It’s a clever routine. Alpine ski during the middle of the week when the throngs and masses of people are about their daily routines. Then Nordic ski on the weekends, when the slopes are busy and the backcountry is begging to be explored.

Tom Schaaf played this game of leapfrog throughout his years in Spokane and on the slopes in California. The family physician moved back to Spokane eight years ago and hasn’t jumped much since then. “I think I’ve been downhill skiing three times in the last five years,” Schaaf says. “Mt. Spokane just has phenomenal Nordic skiing and well-groomed tracks. It’s so much easier than slogging through the snow.”

Schaaf says he was introduced to Nordic skiing back when there were wooden skis and cable bindings. He became reacquainted with the sport because of his wife and two sons’ involvement with Nordic Kids through Spokane Nordic. As any parent knows, involvement in an organization leads to volunteer work, commitment and eventually leadership. Within the last year, Schaaf was nudged into the role as president of the Spokane Nordic organization. “It was a short straw election,” he jokes. “I drew the short straw.”

Spokane Nordic Ski Education Foundation works to teach the public how to Nordic ski. The group does volunteer trail work on state and private land in cooperation with Mt. Spokane State Park, Inland Empire Paper and other agencies. The organization also hosts ski competitions, clinics and classes to develop the skills of amateur athletes.

“Our members range from hardcore racers, to people that come out on their 20-year-old equipment,” says Schaaf. “What people fail to realize is the trails system at Mt. Spokane is not just operated by the state parks. We help groom, find grants and maintain the trails.” This even means hauling brush in the summer time, cutting down trees and grading new runs.

Schaaf says the trails and facilities are in great condition but the organization faces big challenges up ahead. The future of the Mt. Spokane Nordic Ski area has room for expansion, additional trails and commercial growth. Until decisions are made, the organization seems happy to preserve and play on the well-groomed facilities.

Here’s the gear you will find Schaaf using while racing, teaching and exploring the slopes of Mt. Spokane. If you’re looking for Nordic skiing gear, Spokane’s local retailers have you covered. Schaff recommends REI for general equipment and rentals, Fitness Fanatics has the best selection for racers and intense skaters, and Mountain Gear will provide you with all your backcountry and classic ski needs.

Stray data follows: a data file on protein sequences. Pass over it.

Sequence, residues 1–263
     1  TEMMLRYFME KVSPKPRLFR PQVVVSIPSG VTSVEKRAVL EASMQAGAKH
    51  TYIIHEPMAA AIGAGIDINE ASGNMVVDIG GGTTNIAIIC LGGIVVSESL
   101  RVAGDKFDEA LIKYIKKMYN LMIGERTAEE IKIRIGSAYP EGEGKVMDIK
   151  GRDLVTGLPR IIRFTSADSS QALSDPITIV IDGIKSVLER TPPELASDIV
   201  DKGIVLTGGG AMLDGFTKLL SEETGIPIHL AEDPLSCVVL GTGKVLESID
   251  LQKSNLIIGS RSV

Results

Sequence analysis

CLASSIC SKIS: Schaaf has ridden Fischer RCS Classic Cold Skis for about three years.

SKATE SKIS: Atomic RS 11 Skate Skis with Salomon Pilot bindings. “This is my first pair of skate skis and they are still pretty fast,” he says. “I need to upgrade my technique before I upgrade my equipment again.”

BOOTS: When it comes to boots, they either fit or they don’t, Schaaf says. He wears Salomon RC car classics and RS carbon skate boots.

POLES: He uses two different pairs of Swix team composite poles for classic skiing and skating. “These things are unbelievably light,” he says.

PANTS: SportHill XC Pants are a good combination between pants and loose-fitting tights. “It’s a nice stretchy and comfortable polyester blend,” he says.

TOP: “I see people show up in downhill gear all the time,” Schaaf says. “By the time they’re done, their stuff is open, they are beet-red and sweating. You generate enough heat skating that you don’t need to dress really warm.” Schaaf wears a polyester base layer and an REI fleece shell. If he’s teaching or not moving around too much, his Mountain Hardwear down jacket comes out from the closet.

GLOVES: Swix lobster claw gloves.

HAT: SmartWool beanie. It’s really, really comfortable, he boasts.

SOCKS: Generally nothing too fancy, but his most comfortable pair are SmartWool.

LIGHTS: Schaaf’s PetzlLED headlight has a good range and varied settings perfect for night skiing and putting on gear at dusk.

WAX: Schaaf took the arduous tax of waxing his skis and made it a bit more luxurious—he built a complete wax room in his basement. “I used to have little heaters set up in the garage and I would just freeze,” he says. “Now it’s nice. I can do it in my pajamas in the morning.” He uses Swix wax on his skis.